Reviews by Felicity Banks
IFComp 2015View this member's profile
View this member's reviews by tag: crime custom tool funny IFComp 2015
...or see all reviews by this member1-8 of 8
I hesitated to play this because the plot was just too similar to the movie (and book) "The Martian". But actually, they're quite different. That story is about a hero (even if he IS a scientist :) ) overcoming incredible odds. This story is, ultimately, horror.
I liked how far I managed to get without consulting the walkthrough, and I liked the idea (although not the reality; I tend to play in silence) of the soundtrack.
I disliked (as always in parser games) wandering around in a repetitive way, trying to figure out where the writer wanted me to go. As a completionist, I disliked the long list of emails, because I felt overwhelmed. I also found it a boring way to get across a story, especially when sorting through junk mail and other irrelevancies (although Charlotte's thoughts were always interesting to me).
I'm not sure how else the story could have been handled, but still - a happening-right-now adventure is always more interesting than knowing your character is just sitting in a chair, reading.
She was also quite passive, which realistically I can't blame her for - but it made the story less exciting. Some of the writing was a little disjointed and some was excellent (which makes me suspect it needed more editing than it got).
The end was genuinely eerie.
Good writing creates an emotional response.
I deliberately avoided this game because it sounded experimental, and I assumed that would just confuse me. It did confuse me (not a difficult task; I get confused brushing my teeth sometimes), but it created plenty of other emotions too: curiosity, pleasure, relief, interest, awe, suspicion, wonder, achievement, depression, hope, frustration, cautious satisfaction.
This game is an amazing thing. It's hard to write about, because for me it was an intense and personal experience in which I chose to let go all rational thoughts about structure or programming and fall fully into the illusion that the story was real. NOTHING I have ever read has had that effect on me.
Your experience is likely to be different, because that's exactly how art works. It lives, and changes with every viewing. This story certainly does that.
Here's a bit more on those emotions I mentioned above:
curiosity - At first I was impressed enough by the language to feel like I wanted to know more. A few good sentences buy a lot of reader goodwill. (I read and write a lot of novels, and Katherine Morayati is a damn fine writer.)
pleasure - I was so delighted that my random input words created a response every time (and never a repeated response, either).
interest - Okay, so there's a character called Brian. This feels like something that can move the plot forwards; good.
awe - unable to move towards Brian (I tried with my usual incompetence), I gave up on playing the game and simply accepted that the hopeless desperation of the MC was painfully similar to my own. So I typed in things that everyone tells me I should do to make real-life existence better. This included "exercise" and "go outside" and even "buy a swimming pool". The game never once told me I was wrong. It never repeated information. It was always interesting to read. And I was deeply satisfied that the kind of solutions that well-meaning friends and family offer didn't actually solve anything.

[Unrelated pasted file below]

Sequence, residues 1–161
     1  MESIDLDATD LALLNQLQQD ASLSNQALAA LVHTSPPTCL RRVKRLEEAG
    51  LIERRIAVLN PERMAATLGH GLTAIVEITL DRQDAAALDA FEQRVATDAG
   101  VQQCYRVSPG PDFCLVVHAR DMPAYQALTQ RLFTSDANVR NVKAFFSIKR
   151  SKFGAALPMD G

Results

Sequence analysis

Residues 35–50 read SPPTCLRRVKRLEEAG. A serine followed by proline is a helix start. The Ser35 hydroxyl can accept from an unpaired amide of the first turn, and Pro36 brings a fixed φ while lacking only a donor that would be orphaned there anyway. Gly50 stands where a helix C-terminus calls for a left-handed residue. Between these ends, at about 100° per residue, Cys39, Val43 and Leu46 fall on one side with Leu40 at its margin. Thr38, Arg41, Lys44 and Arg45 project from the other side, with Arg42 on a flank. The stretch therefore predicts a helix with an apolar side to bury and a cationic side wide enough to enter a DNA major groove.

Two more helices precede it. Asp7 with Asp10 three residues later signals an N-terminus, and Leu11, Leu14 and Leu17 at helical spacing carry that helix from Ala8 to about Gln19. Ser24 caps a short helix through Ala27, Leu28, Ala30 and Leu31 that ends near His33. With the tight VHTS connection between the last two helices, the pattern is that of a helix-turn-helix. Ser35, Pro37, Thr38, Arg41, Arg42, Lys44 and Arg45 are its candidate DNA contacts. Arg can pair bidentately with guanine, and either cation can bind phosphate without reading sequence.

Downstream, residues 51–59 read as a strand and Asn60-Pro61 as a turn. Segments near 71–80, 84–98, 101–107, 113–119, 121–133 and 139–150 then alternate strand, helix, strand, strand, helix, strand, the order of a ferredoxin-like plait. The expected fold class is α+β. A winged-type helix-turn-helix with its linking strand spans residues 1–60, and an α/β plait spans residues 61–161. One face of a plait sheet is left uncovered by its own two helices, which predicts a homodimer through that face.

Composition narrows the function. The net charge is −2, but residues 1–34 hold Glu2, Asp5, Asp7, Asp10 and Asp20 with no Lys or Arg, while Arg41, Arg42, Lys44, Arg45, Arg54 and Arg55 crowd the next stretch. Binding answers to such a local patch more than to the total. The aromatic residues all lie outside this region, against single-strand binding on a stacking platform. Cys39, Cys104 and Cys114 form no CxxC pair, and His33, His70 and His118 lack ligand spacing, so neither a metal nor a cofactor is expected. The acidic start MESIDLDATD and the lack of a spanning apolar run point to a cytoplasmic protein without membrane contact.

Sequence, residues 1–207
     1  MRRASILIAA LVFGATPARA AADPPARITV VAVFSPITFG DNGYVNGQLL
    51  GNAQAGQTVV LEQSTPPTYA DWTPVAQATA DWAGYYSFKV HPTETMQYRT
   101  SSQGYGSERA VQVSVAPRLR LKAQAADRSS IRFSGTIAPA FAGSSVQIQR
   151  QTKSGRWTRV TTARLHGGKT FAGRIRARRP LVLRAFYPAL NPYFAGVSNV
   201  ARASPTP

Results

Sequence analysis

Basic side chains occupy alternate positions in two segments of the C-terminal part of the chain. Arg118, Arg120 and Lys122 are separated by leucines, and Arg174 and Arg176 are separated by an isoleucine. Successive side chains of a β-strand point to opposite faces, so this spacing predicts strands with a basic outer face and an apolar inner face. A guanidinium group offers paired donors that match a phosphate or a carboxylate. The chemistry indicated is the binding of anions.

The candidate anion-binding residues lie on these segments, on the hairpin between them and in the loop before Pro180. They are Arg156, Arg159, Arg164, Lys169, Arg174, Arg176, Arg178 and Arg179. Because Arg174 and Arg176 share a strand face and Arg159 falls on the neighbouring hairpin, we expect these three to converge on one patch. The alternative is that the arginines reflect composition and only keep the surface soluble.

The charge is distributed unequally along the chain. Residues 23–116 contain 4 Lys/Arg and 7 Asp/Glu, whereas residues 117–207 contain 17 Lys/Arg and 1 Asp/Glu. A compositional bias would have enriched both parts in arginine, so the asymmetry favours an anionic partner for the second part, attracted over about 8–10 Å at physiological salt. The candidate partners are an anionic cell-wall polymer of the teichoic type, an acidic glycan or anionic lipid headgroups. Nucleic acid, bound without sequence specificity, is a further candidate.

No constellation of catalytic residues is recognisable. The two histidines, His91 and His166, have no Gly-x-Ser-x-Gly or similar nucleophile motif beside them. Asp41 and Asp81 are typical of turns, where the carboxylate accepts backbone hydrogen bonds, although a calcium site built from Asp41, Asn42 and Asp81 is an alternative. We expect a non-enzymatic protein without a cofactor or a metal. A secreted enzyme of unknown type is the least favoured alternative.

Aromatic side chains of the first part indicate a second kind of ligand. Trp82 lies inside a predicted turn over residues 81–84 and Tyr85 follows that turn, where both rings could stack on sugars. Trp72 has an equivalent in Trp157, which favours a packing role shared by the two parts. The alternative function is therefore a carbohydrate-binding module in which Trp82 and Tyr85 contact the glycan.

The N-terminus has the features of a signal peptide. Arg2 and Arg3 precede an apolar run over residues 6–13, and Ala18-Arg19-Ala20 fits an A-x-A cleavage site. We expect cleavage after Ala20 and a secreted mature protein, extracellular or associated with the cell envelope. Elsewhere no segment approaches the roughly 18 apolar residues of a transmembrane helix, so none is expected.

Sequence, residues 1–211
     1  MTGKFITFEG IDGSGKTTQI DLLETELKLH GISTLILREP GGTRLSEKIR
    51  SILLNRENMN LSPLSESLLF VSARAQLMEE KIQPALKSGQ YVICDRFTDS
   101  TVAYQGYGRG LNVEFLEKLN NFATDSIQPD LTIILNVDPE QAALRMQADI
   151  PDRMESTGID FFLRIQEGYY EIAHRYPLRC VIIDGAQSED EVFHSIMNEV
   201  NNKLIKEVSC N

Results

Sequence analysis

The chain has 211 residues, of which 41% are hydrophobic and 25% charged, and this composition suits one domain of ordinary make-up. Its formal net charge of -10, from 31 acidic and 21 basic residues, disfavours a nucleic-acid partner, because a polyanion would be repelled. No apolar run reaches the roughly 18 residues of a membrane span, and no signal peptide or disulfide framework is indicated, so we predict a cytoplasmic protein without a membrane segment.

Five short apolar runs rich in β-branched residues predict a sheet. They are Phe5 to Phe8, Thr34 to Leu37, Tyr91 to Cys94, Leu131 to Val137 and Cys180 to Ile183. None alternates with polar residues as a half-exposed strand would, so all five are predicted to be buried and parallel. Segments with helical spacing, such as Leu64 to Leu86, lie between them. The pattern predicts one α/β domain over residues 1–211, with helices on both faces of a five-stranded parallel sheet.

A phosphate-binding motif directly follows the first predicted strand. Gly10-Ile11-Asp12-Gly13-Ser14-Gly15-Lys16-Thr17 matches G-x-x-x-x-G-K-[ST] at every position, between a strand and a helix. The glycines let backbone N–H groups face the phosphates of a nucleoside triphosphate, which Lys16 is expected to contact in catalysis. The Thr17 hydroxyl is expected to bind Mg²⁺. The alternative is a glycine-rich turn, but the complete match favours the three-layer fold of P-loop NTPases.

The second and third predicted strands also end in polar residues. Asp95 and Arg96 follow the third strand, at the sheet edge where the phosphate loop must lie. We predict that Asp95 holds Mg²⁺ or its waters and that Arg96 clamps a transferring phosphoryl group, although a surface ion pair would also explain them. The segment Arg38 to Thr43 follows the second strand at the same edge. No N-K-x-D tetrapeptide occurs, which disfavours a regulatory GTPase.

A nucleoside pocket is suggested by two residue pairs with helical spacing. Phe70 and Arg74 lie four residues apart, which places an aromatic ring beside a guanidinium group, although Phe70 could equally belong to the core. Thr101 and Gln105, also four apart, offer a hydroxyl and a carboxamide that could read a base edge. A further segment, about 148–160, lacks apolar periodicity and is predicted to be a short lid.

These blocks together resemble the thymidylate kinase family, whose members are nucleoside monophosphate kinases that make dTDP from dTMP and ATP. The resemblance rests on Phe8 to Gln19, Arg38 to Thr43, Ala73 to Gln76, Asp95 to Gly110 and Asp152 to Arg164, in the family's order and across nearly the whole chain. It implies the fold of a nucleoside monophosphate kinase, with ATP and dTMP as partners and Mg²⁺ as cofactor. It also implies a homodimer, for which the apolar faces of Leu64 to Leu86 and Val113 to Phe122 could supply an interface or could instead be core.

The MC wandered in the same musing, thoughtful, desperate circles my brain traverses every day. That moment right there is why a game I fundamentally don't understand (I keep trying and failing to like parser games) got a 10 from me in the IF Comp - a score I reserved for something greater than numbers could convey (and never truly intended to use). How did the game know me? How on earth could anyone write a seemingly infinite number of responses? It was as impressive as a person flying in the air in front of me. Such a thing is possible, but I don't know how, and I suspect it takes a lot of skill and hard work.
suspicion - a lot of what I read didn't closely relate to what I wrote, and I began to wonder how many bits were simply playing out at random. Maybe the magic wasn't so impressive after all. Had I caught the flash of a metaphorical wire holding the story up?
wonder - it still felt like an infinite and interesting world. Perhaps I could just wander here among the beautiful words and be satisfied.
depression - this is too like real life. All I can do is go over the same hopeless thoughts again and again. And Brian sounds like a tool, but who else is there?
achievement - ooh! I managed to actually get in the car and go somewhere. Is the plot actually moving forwards now?
hope - this game is so real; perhaps too real. But this isn't my own head. Perhaps this author is smart enough to come inside my head and then show me some way to come out.
frustration - I'm driving but not getting anywhere. I hate parser games.
cautious satisfaction - when I finally finished the game. Having talked to the author, I know that my interpretation of my ending wasn't intended at all... but, like I said, this is a piece of art that truly lives.
You'll have to play the game and see for yourself whether you feel it has generated a story or not.
In any case, I will NEVER forget this experience. I'm incredibly grateful it exists (although also grateful it was short, because the inevitable disorientation was mentally nauseating).
I know from talking to others that this game continues to burrow away in the minds of various players... in the best possible way.
This game chose a couple of unusual engine options - setting out dialogue with a speech (no speaker tags, but colour coded), and using real-time delays (very gently, eg someone took a few seconds to fetch something).
The colours were a bit distracting - with my memory, I'd rather have had the standard script format of
Bob: Hello Jane
Jane: Hello Bob
but I actually didn't mind the timing thing this time. I'm a linear storyteller myself, so it was surprising that I enjoyed walking from room to room to get the different bits of the story. And then I... wasn't entirely sure what the ending actually meant. So that wasn't good.
But luckily there's a "back" button, and from discussion I know that my impression of the ending was correct.
Playing as a computer, I felt my human-PC bias kick in, but the computer was more interesting than I'd have guessed.
Decent writing, interesting story.
I thought going straight into peeing might not be a great narrative choice, but it depends on the reader. The stuff about gender is either fantastic or terrible (is it exploring ideas of gender, gender vs identity, etc..... or is it ignoring the complexities to have a male character who must therefore innately hate dolls etc?) The final choice was very interesting.